When faced with the challenge of creating work for a new exhibition I guess the obvious thing is to look at the title of the exhibition and take it from there. My textile group Running Stitch has an exhibition planned for September and our chosen title is Roots so because of my keen interest in social history it seemed natural to turn to my own family roots, not in a 'Who Do You Think You Are' kind of way by tracing my ancestry and digging skeletons out of the cupboard, but just from looking at resources to hand such as old family photographs, memorabilia and simply what I can remember from my parents and grandparents.
This is the kind of photograph that everybody must have in their old photo albums. The formal studio portrait often produced as stiff postcards with the name of the photographic studio on the back. If you are lucky then somebody somewhere will have written down who the people are but more often than not these things are passed down through the generations unrecorded and it's difficult then to identify who these strange people are staring back at you. I remember in one photo album my mum had inherited from her parents she had written beneath a photograph of a starchy, glum looking Victorian couple "your guess is good as mine - haven't a clue who these two are". It's best to make a record of these things while you can because now I have no living parents or grandparents (and no living aunts or uncles either to speak of as my mum was an only child, my dad's five older siblings have long since passed away and we lost touch years ago with any cousins) so sadly there is no one then to answer my questions about my family history. I have to rely on my own and my brother's memory and to be honest our memories aren't as sharp as they used to be. I can identify though the lovely couple above as they are my maternal grandparents who I am named after - Jack and Mary.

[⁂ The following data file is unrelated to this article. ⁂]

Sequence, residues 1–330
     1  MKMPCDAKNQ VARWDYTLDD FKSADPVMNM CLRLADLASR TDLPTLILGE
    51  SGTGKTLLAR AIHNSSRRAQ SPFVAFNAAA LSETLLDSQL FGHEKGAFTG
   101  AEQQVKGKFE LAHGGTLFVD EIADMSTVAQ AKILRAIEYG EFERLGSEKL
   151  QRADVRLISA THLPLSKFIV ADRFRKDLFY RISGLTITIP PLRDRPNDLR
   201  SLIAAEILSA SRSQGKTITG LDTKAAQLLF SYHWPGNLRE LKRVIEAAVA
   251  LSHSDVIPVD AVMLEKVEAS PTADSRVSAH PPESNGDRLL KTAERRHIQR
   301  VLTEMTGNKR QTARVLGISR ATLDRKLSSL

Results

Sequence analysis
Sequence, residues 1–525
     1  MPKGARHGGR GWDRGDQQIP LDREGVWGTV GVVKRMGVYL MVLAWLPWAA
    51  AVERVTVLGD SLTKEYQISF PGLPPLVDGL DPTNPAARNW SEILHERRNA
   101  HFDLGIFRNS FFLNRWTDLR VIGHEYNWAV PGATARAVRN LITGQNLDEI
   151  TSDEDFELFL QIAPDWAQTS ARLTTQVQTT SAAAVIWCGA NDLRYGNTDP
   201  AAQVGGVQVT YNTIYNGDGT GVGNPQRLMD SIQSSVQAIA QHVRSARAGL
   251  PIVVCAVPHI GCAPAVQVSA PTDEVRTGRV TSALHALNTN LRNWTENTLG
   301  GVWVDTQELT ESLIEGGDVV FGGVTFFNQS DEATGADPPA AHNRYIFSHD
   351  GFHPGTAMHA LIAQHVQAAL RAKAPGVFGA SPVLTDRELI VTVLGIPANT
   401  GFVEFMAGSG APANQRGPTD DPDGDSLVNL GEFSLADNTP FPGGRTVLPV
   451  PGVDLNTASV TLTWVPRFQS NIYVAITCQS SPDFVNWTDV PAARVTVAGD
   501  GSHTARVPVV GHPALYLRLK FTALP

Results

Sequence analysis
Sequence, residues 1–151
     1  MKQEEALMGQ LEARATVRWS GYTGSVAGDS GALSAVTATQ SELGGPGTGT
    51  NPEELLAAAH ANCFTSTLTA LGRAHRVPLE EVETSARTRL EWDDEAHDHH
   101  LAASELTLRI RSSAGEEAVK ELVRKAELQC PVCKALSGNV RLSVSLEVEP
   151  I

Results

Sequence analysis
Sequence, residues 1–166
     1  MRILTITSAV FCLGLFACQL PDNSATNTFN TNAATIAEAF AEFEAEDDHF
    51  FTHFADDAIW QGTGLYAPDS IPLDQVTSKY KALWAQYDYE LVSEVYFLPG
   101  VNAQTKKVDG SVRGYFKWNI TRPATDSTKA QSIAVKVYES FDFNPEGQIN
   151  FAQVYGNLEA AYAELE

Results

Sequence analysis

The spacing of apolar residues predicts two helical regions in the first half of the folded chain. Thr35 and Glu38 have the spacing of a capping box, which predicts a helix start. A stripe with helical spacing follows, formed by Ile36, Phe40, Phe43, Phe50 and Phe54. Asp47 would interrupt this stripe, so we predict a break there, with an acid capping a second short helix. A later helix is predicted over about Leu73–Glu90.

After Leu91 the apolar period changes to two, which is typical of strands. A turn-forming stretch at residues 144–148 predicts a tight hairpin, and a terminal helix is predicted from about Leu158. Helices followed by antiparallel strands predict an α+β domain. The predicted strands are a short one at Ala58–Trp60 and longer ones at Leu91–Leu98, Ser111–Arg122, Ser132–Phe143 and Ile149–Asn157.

And this is me on Flash the donkey taken on holiday in Bournemouth. What became apparent though while I was looking through all the old photos (apart from where have all those years gone?) is that there are no more photos after about 2004 which is when we bought a digital camera. I am a bit of a technophobe, however, I have embraced this technical godsend and love the immediacy and censorship of the digital 'snap' knowing you can dustbin the really horrendous ones of yourself before they come back and bite you on the bum. How I remember the excitement of coming back off holiday, racing to Boots with the reels of film to get them developed, then collecting your wallets of 24 or 36 photos only to discover a mere handful have turned out any good because you either forgot to use the flash or you were so far away from your subject that they were hard pressed to even get a look in on the photo. The downside of the digital camera is of course you don't really bother to get them developed these days. Oh sure, I always mean to but never quite get round to it.
|Me, Mum, Dad & Grandad - Three Generations|
During the seventies our family photos progressed from black and white to glorious technicolour as we were then able to afford the extra for colour film and processing but there will always be something so deeply nostalgic about those black and white 'snaps' taken on a breezy beach in Bournemouth.